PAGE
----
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"Master Young man, you" (L25). Act II, scene ix can also be regarded as a humorous event in the story at the expense of the Prince of Arragon. In this scene, Arragon is portrayed as a man who is shallow since he refuses to "give and hazard all he hath" simply for "base lead". This shows that he is one to judge on appearance. Arragon goes on to pick to dismiss the gold casket in a hypocritical manner as he refuses to "jump with common spirits" (L31).
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Mart�nez Ruiz highlights Azor�n's lack of will or abulia, by placing Illuminada in the text; she is the antithesis of Azor�n and Justiana: Esta Illuminada es amiga �ntima y vecina de Justiana; es una muchacha inteligente, vivaz, autoritaria, imperativa. Habla resueltamente, y su cuerpo todo, joven y fuerte, vibra de energ�a, cada vez que pone su empe�o en algo. Iluminada es un genial ejemplar de una voluntad espont�nea y libre; sus observaciones ser�n decisivas y sus gustos, �rdenes.2 The novel is also autobiographical; Jos� Mart�nez Ruiz can be identified within Azor�n, especially as Jos� Mart�nez Ruiz later adopted the name Azor�n, as his pseudonym.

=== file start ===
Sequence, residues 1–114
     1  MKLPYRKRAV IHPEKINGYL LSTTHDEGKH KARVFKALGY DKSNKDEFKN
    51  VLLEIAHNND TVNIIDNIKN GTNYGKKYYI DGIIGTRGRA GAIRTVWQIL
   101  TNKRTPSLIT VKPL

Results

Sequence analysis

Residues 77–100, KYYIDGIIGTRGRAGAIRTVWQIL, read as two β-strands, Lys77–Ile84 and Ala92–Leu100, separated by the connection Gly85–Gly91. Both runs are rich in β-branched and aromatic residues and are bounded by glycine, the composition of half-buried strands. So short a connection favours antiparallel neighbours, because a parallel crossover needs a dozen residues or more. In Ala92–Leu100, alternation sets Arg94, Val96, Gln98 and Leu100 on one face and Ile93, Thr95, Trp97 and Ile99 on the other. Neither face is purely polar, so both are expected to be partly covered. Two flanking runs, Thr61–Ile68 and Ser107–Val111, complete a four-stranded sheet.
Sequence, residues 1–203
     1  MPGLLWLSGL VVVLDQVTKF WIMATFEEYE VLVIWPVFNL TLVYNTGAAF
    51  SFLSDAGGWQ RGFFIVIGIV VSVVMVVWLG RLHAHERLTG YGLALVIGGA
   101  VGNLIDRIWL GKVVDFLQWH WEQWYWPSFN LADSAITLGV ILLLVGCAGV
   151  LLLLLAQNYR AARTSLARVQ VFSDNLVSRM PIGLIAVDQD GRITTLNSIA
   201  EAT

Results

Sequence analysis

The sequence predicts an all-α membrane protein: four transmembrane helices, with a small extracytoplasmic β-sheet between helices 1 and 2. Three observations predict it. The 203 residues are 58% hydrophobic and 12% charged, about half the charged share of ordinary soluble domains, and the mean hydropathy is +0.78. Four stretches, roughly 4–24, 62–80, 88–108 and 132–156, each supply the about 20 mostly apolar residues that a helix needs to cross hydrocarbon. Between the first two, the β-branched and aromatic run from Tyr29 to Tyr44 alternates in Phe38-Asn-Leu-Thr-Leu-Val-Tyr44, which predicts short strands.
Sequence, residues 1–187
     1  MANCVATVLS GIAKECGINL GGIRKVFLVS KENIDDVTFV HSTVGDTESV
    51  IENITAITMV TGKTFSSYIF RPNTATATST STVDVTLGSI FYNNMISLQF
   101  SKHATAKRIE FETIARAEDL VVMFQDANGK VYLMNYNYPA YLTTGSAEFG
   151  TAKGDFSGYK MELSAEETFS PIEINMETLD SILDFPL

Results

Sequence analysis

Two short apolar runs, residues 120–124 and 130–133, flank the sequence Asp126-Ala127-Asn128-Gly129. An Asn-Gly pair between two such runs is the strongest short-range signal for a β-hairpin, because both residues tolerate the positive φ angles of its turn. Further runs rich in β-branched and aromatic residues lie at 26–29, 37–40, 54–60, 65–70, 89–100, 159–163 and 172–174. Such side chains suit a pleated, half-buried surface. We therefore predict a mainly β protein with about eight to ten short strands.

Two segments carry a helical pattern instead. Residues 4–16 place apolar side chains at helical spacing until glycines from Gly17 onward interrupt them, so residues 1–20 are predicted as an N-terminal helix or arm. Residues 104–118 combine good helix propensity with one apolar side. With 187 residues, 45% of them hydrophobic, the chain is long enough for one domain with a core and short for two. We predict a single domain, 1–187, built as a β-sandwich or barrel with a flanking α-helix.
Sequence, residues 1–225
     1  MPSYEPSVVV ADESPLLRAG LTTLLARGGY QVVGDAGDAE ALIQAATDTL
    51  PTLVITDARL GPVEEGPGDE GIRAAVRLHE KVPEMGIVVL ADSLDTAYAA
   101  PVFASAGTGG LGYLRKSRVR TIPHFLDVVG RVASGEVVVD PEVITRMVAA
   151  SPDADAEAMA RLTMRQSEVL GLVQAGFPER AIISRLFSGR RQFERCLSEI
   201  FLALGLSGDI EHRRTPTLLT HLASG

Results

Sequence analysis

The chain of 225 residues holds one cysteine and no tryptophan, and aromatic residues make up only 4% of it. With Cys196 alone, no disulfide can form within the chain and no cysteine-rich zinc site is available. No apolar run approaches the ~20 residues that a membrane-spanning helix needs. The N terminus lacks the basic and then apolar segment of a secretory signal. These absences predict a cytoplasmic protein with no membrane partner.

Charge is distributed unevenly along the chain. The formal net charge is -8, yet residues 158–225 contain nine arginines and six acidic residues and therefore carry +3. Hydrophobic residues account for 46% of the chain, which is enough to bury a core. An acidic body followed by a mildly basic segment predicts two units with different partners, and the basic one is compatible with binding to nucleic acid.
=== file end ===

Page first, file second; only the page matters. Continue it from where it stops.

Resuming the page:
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She could also be seen as being unfair to her father and slightly black hearted. However, Jessica also appears very strong-willed and determined evidenced by her being prepared to abandon not only her father but also her religion in pursuit of her love for Lorenzo. In Act II Scene VI, Jessica is ashamed and embarrassed to be dressed as a boy. When Lorenzo states that Jessica must be his torchbearer, Jessica says "What, must I hold a candle to my shames?" Jessica's actions (leaving home and stealing her father's possessions) may perhaps be justified by her desire to embrace Christianity.
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And by looking at evidence you can see him being one of the two. Some people believe that Shylock is blood thirsty, were as some believe he's a godly and clean living character. In Act 1, Scene 3 we are introduced to Shylock, this is the 1st time in the play, were we can start to get an idea of weather Shylock is a villain or a victim. The 1st sign of him being a villain it the very first line he says.